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abstract = "Study design: Retrospective chart review. Objective: To identify factors in addition to level of injury (LOI) that may predict ejaculation by penile vibratory stimulation (PVS) in spinal cord injured males. Setting: Major urban medical school and teaching hospital. Materials and methods: Presence of a bulbocavernosus response (BCR) and a hip flexor response (HR) before PVS (n = 123 patients), and somatic responses during PVS (n = 204 trials performed on a subset of 44 patients) were evaluated for their frequency of occurrence on trials with and without ejaculation. Results: Overall ejaculation success rates for cervical, T1-T6, and T7-T12 LOI were 71{\%}, 73{\%}, and 35{\%}, respectively. Eighty per cent of patients who were positive for both BCR and HR ejaculated with PVS, while only 8{\%} of patients who were negative for both BCR and HR ejaculated with PVS. For cervical injuries, BCR and HR were no more predictive of ejaculation by PVS than LOI alone. T1-T6 patients were more likely to ejaculate when at least one reflex was present. T7-T12 patients with no BCR were unlikely to ejaculate by PVS. Except for abdominal contractions, somatic responses were not present in the majority of PVS trials. When they were present, however, they occurred in a high percentage of ejaculation trials: withdrawal response (hip flexion, knee flexion and thigh adduction) (90{\%}), piloerection (84{\%}), extremity spasms (83{\%}), thigh abduction (80{\%}), and thigh adduction (72{\%}). Conclusion: We recommend that patients with cervical injuries initially undergo PVS. Patients with T1-T6 LOI with at least one reflex present, and patients with T7-T12 LOI with both reflexes, or only BCR present, may undergo PVS. Certain somatic/autonomic responses, when seen, may help in deciding whether to continue with a given trial, or give a repeat trial, of PVS. Sponsorship: The Miami Project to Cure Paralysis and the State of Florida Specific Appropriations.",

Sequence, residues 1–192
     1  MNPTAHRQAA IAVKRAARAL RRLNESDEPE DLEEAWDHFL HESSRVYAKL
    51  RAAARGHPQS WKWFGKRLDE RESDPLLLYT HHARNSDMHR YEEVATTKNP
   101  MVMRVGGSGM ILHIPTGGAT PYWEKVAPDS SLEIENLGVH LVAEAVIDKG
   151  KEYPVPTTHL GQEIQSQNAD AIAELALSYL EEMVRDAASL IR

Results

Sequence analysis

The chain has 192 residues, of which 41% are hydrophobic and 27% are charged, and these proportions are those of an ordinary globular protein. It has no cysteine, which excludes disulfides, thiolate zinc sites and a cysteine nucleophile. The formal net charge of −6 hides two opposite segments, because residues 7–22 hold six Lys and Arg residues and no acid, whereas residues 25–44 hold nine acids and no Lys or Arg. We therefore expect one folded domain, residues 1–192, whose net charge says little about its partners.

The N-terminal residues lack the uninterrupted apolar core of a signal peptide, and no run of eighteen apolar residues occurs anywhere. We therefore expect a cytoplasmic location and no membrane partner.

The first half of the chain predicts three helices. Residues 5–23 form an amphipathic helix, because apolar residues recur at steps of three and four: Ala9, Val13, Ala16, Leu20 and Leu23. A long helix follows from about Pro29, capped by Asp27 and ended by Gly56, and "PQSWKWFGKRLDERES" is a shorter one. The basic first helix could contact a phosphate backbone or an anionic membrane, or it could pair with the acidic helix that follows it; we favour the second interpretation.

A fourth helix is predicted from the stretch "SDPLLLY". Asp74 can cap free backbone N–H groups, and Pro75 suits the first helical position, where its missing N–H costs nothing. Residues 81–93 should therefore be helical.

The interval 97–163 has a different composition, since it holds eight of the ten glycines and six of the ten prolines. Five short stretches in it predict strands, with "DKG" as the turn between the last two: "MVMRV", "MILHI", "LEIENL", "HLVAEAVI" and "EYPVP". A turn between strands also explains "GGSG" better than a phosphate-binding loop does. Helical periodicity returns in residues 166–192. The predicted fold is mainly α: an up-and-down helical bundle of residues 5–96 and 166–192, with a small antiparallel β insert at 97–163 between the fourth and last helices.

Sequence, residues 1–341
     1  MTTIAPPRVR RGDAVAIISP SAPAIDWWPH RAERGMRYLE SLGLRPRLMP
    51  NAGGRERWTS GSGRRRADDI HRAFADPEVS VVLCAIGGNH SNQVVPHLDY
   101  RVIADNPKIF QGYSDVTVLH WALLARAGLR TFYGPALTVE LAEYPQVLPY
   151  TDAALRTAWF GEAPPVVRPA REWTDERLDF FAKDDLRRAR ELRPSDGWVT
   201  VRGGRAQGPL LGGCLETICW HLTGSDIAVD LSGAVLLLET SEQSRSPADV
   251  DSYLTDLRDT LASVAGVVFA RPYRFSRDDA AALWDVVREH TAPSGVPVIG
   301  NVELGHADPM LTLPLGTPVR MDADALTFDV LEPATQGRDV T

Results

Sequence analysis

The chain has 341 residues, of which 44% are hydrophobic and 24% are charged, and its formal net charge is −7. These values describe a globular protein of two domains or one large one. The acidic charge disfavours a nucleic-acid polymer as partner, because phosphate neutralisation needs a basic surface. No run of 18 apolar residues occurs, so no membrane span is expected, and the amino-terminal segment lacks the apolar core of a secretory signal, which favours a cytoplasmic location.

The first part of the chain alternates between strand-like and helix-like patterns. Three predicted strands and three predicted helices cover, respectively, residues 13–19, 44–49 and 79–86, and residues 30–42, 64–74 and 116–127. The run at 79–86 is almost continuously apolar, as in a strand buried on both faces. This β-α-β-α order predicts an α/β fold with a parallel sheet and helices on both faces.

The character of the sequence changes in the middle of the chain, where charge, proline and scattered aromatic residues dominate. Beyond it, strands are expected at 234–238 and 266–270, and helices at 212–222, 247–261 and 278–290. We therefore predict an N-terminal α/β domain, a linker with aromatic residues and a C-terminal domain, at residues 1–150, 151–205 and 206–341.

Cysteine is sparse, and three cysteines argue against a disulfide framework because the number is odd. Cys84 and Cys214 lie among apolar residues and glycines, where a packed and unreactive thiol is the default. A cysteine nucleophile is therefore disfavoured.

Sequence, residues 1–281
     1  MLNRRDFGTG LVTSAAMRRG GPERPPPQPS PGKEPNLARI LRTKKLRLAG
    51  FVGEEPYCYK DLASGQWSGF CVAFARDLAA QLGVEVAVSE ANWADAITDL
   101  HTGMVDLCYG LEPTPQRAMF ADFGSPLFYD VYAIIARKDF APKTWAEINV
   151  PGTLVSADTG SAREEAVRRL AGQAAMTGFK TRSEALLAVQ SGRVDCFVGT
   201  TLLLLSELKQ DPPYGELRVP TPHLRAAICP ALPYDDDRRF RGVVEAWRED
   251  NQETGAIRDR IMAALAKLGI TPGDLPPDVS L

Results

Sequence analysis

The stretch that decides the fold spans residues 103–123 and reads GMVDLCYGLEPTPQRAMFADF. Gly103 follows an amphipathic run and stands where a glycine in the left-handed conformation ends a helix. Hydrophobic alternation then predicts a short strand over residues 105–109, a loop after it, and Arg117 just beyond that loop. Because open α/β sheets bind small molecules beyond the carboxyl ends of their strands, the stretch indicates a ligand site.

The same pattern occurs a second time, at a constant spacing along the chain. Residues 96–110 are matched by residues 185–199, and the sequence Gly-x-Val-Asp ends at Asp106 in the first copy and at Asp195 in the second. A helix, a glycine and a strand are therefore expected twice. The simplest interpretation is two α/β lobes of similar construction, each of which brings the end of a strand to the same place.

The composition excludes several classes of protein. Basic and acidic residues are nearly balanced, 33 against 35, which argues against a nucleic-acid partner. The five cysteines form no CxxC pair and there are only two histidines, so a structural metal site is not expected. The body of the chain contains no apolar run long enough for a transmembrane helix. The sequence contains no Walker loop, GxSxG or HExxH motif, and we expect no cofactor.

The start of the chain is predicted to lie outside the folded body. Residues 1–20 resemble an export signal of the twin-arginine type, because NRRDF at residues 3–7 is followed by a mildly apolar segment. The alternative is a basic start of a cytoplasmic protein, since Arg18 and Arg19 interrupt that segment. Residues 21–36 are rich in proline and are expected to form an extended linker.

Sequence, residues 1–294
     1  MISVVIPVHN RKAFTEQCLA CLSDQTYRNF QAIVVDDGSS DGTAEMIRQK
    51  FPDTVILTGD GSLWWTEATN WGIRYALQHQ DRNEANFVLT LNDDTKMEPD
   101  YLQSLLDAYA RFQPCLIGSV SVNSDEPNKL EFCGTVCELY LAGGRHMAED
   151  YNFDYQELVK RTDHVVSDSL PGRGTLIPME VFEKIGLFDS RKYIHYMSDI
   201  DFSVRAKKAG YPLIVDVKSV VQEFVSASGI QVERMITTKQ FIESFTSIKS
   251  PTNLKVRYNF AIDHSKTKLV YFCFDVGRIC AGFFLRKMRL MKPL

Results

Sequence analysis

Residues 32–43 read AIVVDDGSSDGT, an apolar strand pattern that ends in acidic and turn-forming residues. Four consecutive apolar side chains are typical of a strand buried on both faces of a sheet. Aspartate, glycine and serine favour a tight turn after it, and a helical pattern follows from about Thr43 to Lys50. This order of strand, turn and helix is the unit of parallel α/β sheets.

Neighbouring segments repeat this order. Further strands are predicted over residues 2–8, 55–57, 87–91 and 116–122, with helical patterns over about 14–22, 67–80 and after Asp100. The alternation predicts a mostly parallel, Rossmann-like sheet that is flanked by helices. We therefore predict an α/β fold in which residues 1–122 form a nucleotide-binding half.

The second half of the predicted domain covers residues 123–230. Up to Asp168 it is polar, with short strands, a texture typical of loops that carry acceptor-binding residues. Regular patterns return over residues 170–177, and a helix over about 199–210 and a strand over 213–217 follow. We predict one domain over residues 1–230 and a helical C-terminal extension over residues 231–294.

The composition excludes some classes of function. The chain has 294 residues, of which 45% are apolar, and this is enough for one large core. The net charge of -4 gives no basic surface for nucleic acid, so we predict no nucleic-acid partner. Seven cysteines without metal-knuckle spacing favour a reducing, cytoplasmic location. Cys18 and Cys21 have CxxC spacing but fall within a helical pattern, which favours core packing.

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AU - Ferrell, S. M.

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N2 - Study design: Retrospective chart review. Objective: To identify factors in addition to level of injury (LOI) that may predict ejaculation by penile vibratory stimulation (PVS) in spinal cord injured males. Setting: Major urban medical school and teaching hospital. Materials and methods: Presence of a bulbocavernosus response (BCR) and a hip flexor response (HR) before PVS (n = 123 patients), and somatic responses during PVS (n = 204 trials performed on a subset of 44 patients) were evaluated for their frequency of occurrence on trials with and without ejaculation. Results: Overall ejaculation success rates for cervical, T1-T6, and T7-T12 LOI were 71%, 73%, and 35%, respectively. Eighty per cent of patients who were positive for both BCR and HR ejaculated with PVS, while only 8% of patients who were negative for both BCR and HR ejaculated with PVS. For cervical injuries, BCR and HR were no more predictive of ejaculation by PVS than LOI alone. T1-T6 patients were more likely to ejaculate when at least one reflex was present. T7-T12 patients with no BCR were unlikely to ejaculate by PVS. Except for abdominal contractions, somatic responses were not present in the majority of PVS trials. When they were present, however, they occurred in a high percentage of ejaculation trials: withdrawal response (hip flexion, knee flexion and thigh adduction) (90%), piloerection (84%), extremity spasms (83%), thigh abduction (80%), and thigh adduction (72%). Conclusion: We recommend that patients with cervical injuries initially undergo PVS. Patients with T1-T6 LOI with at least one reflex present, and patients with T7-T12 LOI with both reflexes, or only BCR present, may undergo PVS. Certain somatic/autonomic responses, when seen, may help in deciding whether to continue with a given trial, or give a repeat trial, of PVS. Sponsorship: The Miami Project to Cure Paralysis and the State of Florida Specific Appropriations.